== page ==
Ever hear of Plato's allegory in the cave? To sum it up, imagine that from birth you and some other people lived in a cave with your head and neck restrained by chains so that you are forced to look at the wall in front of you.
Imagine that there is a fire behind you and people walk by carrying different shapes, the shadows of which are cast on the wall in front of you. To you, this would be reality and you would think the shadows are real.
Imagine, after 20 years, you are unchained and brought up to the light for the first time in your life. You would be almost blinded, confused, but eventually your eyes will adjust and you will come to understand your situation.
How would you feel if you were taken back down into the cave again. Would you feel bad about any others who live in the cave and not experienced the light? Would you be able to come back to the position where you occupied before, that the world is shadows and flickering light? If you tried to convince the other people in the cave that there is another world out there of blinding light, would they believe you, having never experienced the things that you tell them?
In this context, Plato, in the allegory of the cave, is talking about the relationship between knowledge and ignorance.
In whichever state we are in, we have become adapted to it and view everything as "reality" from that perspective. No one has knowledge of the state they are in, except when they are in the process of changing it. Another element that Plato introduces is the concept that there is only one way that one can become knowledgeable, as it is impossible to become more ignorant short of brain damage.
I am here, and right now I feel like those in the cave. I think I know what's going on. If someone were to argue with me about an arbitrary subject like the existence of a specific God like Allah or Jehovah, I am confident that I can hold my own. If someone debates politics with me, I have confidence that my position is more reasonable. Most of the time, this is how I feel. However, being in the cave and being in the light are relative positions. After all, it is quite possible I'll experience some enlightenment or acquire new knowledge that will further illuminate my mind.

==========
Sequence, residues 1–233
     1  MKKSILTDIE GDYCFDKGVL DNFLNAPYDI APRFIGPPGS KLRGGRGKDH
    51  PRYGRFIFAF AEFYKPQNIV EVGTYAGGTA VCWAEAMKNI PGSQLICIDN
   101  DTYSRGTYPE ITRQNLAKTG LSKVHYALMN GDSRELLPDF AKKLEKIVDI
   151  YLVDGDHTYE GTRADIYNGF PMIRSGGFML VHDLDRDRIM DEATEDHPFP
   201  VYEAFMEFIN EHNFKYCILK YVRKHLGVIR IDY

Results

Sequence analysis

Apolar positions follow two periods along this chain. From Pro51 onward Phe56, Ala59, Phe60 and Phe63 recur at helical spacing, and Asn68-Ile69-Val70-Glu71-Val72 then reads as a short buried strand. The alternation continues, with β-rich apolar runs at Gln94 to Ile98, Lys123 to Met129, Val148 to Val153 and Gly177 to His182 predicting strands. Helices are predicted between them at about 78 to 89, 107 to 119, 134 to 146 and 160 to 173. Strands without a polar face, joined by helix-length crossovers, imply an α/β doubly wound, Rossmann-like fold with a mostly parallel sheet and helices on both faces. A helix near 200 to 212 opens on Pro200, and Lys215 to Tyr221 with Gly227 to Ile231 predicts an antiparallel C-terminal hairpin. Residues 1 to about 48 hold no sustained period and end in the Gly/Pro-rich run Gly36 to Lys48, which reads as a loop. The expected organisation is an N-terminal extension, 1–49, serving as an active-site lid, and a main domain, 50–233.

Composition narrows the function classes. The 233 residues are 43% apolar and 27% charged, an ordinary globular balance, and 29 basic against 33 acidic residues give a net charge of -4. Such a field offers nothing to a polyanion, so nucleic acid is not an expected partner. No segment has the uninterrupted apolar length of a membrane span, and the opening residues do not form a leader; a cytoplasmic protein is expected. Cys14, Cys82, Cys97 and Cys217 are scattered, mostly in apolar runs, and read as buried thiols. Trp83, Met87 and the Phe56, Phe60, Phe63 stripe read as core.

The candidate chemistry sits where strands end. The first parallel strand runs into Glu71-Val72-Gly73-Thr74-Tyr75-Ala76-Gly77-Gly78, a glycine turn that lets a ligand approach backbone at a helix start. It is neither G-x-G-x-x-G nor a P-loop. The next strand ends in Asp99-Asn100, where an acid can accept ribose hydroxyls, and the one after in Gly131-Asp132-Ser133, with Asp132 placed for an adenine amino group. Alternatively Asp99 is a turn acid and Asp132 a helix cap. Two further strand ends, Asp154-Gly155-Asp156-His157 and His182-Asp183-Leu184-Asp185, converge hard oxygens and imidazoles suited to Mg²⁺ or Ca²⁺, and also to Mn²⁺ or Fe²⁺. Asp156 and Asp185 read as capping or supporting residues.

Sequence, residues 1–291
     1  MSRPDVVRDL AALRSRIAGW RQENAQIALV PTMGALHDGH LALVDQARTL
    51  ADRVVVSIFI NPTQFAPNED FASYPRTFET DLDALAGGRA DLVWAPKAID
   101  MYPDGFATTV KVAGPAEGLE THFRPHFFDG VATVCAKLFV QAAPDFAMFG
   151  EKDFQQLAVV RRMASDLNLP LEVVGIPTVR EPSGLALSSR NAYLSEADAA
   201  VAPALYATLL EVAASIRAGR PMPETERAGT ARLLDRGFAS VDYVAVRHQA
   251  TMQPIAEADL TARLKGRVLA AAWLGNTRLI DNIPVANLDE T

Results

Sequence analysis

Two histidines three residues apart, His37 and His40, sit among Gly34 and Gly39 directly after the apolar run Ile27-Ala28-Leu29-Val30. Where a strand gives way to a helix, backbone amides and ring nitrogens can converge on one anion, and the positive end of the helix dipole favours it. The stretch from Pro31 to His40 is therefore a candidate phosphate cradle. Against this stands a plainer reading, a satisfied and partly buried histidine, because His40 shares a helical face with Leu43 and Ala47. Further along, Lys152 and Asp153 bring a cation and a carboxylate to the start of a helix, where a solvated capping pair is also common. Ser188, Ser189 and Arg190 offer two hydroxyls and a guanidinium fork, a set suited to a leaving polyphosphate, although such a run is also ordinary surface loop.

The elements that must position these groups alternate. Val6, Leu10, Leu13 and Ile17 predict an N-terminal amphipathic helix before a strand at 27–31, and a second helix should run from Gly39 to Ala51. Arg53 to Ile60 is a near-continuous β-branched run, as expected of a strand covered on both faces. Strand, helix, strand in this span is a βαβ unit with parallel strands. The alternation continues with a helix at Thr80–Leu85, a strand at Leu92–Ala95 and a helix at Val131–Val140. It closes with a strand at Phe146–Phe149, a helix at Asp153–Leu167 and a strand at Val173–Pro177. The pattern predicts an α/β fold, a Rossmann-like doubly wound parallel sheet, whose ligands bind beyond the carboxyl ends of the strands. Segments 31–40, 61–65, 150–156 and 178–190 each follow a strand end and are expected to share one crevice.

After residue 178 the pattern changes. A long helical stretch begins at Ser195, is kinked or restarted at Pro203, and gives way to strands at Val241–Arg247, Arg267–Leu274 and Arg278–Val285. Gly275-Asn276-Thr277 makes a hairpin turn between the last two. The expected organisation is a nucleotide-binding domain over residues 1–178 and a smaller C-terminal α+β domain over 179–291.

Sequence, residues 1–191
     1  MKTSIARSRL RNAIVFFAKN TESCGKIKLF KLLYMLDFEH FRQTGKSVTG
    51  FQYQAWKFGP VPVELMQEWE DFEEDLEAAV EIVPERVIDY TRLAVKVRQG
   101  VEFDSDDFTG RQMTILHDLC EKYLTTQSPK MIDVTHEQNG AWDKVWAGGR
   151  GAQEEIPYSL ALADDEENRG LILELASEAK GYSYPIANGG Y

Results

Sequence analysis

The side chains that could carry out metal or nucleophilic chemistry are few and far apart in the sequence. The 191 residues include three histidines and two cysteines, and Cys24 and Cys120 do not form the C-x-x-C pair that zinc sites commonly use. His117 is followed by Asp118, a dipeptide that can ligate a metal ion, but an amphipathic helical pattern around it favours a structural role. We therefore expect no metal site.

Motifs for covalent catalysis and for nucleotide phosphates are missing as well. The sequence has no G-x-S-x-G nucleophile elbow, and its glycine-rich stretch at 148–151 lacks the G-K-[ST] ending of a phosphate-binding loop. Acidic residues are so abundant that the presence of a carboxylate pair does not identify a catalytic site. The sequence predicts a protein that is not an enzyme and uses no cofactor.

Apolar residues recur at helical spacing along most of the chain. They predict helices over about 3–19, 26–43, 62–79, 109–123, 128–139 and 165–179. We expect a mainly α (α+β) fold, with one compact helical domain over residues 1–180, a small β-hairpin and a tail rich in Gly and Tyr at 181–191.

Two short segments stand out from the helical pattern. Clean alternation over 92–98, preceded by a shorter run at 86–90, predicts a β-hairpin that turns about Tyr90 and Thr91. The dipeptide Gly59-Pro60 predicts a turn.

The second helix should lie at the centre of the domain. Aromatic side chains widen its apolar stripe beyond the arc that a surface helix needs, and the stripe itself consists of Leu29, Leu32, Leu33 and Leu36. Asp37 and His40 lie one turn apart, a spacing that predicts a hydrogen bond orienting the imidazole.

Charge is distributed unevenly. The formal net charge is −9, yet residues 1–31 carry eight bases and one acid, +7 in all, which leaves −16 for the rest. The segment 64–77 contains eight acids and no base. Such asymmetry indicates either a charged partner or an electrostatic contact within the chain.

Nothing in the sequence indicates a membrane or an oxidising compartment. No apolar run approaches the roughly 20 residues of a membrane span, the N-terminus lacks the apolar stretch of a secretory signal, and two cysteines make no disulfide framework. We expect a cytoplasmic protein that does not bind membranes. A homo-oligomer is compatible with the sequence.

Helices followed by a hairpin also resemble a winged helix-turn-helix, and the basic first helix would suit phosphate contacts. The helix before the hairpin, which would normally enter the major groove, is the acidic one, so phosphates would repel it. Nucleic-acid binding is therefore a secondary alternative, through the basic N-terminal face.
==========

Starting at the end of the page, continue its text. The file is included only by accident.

The acquiring of new knowledge or the experience of a bizarre revelation or a great idea is the only time where a difference is perceived. The new wrinkle in the brain is the same thing as suddenly walking into the light, a mixture of wonder and confusion, followed briefly by the sensation of understanding and wonder.
However, after we become accustomed to this and adopt the new bit of knowledge to the library in our brain, we revert back into the normal condition until the next revelation. But what happens if I am put in the position which I held before the revelation, or around people that believed what I once did?
For instance, I used to belong to a particular religion. After a Philosophy class, I was imbued with knowledge that enlightened me and led me away from this religion. It was simple logic that showed to me that the belief in specific gods was problematic, especially if the God is all-powerful and all-knowing. Now I don't believe that and it has become second nature to do so.
When I am around people of this religious group, I feel alienated and almost sympathetic for them, because to me it is a delusion that they are living with. I even try to explain it to them. This is like the man who saw the light being led back down to the cave again. It is impossible to get back into the same state of mind because a new bit of knowledge had been acquired, mainly that there is an entirely different world out there. And the people whom I try to explain things to, think I am crazy and delusional.
Someone may say that it is possible to know the objective truth, and if we happen to know that truth, we would always be in the right. I'd argue that by saying that we wouldn't really know, because to think we have knowledge is a state that we always occupy until new knowledge comes by and ruins the thought. So, it is best to keep an open mind and heart, and hear out the various explanations of truth, and adopt only those things that ring true.
So, in essence we are all living in Plato's cave, and if we study and seek knowledge always, we will continuously be enlightening ourselves. If we stay where we are intellectually and don't seek knowledge and truth, it will be as if we are in the cave again. I'm not saying that we will become more ignorant, but that we won't become more knowledgeable.